At the American Academy of Neurology (AAN) 2023 Annual Meeting, Amneal presented new data evaluating IPX203 (carbidopa + levodopa, CD/LD) in a nine-month open-label extension (OLE) study in Parkinson’s disease (PD) patients with motor fluctuations (NCT03877510). The OLE study involved 419 participants who completed the Phase III RISE-PD (NCT03670953). This data highlights that IPX203 could offer an additional safe and tolerable extended-release formulation of CD/LD and could offer an overall better quality of life in moderate to advanced-stage PD patients. IPX203 is currently under review by the FDA for the treatment of PD, with a PDUFA date of 30 June 2023.

Levodopa has been the gold standard for patients with PD for over 50 years. In the early stages of the disease, symptoms are well managed by levodopa, but as the disease progresses, reliable dosing becomes more difficult. Most patients on levodopa for an average of five years may experience motor complications. Levodopa is a particularly difficult compound due to limitations in its absorption combined with a short half-life. Peaks and troughs in levodopa plasma concentration are responsible for peak-dose dyskinesia and off-episodes, respectively, two of the most common motor complications. Furthermore, as PD progresses, dopaminergic neurons die off, the window of optimal levodopa plasma concentration is narrowed, and motor fluctuations begin to emerge. According to key opinion leaders (KOLs) previously interviewed by GlobalData, as many as one-third of PD patients experience dyskinesia and almost all of them will eventually have off-episodes. As such, moderate and advanced-stage PD patients, who require a continuous supply of levodopa, are usually prescribed oral sustained-release formulations such as Amneal’s Rytary (LD/CD) and Roche’s Madopar CR.

IPX203 is an extended-release formulation that consists of a combination of immediate-release (IR) CD/LD granules and extended-release (ER) beads of levodopa. The ER beads are coated with a sustained-release polymer to allow for slow drug release, a mucoadhesive polymer to keep the beads adhered to the area of absorption longer, and an enteric coating to prevent the beads from disintegrating too early in the stomach. In the RISE-PD study, IPX203 met the study’s primary endpoint by demonstrating a statistically significant improvement in efficacy for IPX203 compared to IR CD/LD. IPX203 treatment resulted in 0.53 more hours of “Good On” time than IR CD/LD when comparing change from baseline in both study arms. “Good On” time is defined as the total time with either non-troublesome dyskinesia symptoms or duration without dyskinesia.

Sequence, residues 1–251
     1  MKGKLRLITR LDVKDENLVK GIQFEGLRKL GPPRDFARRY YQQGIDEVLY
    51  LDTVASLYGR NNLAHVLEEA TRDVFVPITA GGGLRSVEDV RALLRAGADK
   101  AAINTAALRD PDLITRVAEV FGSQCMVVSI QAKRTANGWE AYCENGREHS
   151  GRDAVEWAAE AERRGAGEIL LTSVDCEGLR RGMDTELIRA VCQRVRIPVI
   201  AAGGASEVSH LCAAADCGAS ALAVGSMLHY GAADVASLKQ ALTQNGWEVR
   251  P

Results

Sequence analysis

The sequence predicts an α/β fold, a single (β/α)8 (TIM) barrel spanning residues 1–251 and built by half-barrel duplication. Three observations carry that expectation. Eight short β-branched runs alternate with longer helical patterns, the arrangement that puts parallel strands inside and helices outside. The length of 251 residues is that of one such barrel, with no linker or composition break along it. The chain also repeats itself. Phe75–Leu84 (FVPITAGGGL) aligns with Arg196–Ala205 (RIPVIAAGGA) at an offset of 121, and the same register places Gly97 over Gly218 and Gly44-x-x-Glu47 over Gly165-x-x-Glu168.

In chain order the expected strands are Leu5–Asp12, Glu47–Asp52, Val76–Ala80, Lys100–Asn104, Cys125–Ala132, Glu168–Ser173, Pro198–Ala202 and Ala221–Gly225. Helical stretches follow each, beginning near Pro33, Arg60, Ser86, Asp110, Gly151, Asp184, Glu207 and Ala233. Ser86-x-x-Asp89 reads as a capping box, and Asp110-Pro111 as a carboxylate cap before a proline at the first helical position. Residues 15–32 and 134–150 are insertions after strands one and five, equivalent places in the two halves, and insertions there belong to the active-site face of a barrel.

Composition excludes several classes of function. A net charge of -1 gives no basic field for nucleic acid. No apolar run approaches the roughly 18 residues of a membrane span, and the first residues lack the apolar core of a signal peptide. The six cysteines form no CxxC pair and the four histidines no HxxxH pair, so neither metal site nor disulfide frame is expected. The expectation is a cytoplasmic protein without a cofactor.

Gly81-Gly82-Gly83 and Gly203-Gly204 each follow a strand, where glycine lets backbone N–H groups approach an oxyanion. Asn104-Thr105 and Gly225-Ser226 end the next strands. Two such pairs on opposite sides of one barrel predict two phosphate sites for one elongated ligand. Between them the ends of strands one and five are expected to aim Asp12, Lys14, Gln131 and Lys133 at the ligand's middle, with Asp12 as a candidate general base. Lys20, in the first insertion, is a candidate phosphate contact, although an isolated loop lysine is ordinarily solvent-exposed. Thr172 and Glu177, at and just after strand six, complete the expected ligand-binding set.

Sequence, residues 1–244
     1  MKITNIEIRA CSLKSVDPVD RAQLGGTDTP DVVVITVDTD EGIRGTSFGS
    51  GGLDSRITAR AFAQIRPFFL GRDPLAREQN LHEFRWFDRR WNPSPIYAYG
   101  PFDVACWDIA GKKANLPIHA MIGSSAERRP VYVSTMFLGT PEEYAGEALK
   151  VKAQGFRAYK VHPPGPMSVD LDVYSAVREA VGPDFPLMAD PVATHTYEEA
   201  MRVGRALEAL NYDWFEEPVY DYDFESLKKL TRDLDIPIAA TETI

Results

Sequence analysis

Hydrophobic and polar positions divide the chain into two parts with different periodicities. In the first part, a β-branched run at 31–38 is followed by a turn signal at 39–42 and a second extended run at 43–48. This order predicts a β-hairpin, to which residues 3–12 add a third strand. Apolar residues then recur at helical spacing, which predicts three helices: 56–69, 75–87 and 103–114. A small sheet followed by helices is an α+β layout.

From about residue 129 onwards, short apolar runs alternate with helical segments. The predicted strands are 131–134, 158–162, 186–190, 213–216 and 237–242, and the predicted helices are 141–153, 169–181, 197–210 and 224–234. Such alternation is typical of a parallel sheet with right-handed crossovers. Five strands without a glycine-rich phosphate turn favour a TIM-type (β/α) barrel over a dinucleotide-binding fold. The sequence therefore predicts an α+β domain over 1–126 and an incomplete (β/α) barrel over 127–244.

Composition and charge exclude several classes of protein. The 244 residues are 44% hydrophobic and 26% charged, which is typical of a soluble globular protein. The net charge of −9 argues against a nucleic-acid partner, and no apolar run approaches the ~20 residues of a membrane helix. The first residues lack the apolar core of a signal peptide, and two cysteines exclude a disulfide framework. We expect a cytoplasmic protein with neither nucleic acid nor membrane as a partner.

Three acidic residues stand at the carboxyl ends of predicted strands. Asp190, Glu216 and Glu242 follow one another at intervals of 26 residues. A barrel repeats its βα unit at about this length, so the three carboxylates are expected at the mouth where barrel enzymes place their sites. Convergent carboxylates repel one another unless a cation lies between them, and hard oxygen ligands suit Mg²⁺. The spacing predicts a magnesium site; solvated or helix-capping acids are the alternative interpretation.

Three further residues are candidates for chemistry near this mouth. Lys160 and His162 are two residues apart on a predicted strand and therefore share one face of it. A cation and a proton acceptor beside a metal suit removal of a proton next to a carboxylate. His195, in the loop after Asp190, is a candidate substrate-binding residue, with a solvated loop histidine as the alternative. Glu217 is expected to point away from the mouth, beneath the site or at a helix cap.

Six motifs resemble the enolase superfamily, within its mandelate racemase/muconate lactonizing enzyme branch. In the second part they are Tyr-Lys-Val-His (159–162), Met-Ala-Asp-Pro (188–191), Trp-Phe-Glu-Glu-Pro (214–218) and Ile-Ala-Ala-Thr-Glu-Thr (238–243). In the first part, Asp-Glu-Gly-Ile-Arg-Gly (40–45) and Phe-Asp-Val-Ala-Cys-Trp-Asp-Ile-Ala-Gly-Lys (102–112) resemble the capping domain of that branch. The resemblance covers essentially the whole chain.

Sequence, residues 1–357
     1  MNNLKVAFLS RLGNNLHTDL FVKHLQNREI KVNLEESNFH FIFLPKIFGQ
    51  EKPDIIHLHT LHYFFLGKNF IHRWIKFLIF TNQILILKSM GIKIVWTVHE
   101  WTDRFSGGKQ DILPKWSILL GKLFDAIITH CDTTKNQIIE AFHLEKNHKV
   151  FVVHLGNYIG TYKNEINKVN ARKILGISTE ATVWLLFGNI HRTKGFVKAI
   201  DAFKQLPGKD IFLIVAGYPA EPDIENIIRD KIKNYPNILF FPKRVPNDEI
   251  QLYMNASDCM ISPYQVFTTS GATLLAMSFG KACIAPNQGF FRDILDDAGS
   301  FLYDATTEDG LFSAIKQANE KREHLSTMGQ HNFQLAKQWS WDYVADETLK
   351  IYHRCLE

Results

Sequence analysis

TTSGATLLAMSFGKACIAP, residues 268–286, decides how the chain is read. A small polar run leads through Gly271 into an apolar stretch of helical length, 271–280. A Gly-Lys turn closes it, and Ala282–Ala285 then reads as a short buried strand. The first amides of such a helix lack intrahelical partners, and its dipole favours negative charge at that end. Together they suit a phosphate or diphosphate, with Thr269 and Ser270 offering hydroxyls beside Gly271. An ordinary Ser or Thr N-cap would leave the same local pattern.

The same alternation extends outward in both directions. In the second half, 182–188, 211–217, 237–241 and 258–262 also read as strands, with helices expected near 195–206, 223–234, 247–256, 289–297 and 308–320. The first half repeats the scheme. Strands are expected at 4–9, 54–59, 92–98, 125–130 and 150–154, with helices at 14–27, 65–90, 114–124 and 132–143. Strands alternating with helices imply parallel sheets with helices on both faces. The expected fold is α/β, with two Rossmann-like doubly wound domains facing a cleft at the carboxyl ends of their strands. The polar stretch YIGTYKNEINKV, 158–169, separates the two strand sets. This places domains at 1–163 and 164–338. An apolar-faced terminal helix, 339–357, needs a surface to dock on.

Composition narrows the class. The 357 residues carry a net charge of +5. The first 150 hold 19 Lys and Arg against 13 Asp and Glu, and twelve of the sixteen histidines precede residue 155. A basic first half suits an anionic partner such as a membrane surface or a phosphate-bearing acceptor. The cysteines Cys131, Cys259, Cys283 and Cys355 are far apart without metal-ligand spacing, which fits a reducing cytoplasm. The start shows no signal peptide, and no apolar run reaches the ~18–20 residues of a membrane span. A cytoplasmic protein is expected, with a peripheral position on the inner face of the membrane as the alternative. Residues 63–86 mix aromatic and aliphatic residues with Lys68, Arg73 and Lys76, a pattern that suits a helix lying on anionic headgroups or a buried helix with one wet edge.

In the OLE study data presented at the AAN 2023, the magnitude of efficacy obtained with IPX203 was sustained in patients from baseline to the end of the OLE study. In the study, 52.7% of subjects experienced treatment-emergent adverse events (TEAEs). Most TEAEs were either mild or moderate in severity and occurred within the first 90 days of treatment. Of them, the most common were dyskinesia (5.0%), fall (5.0%), urinary tract infection (5.0%), back pain (3.6%), and constipation (2.6%).

However, some KOLs indicated that the improvement in efficacy with IPX203 compared with IR CD/LD was not significant to impact their treatment patterns, particularly if IPX203 is anticipated to have premium pricing. But IPX203 could be an option for patients who have not had a good experience with Rytary. A further competitive threat to the future of IPX203 and other oral LD/CDs is the development of novel subcutaneous levodopa delivery systems. KOLs showed great enthusiasm for AbbVie’s ABBV-951 and NeuroDerm’s ND0612, which enable continuous infusion of LD/CD and could create additional options to control various motor complications in moderate to advanced-stage patients.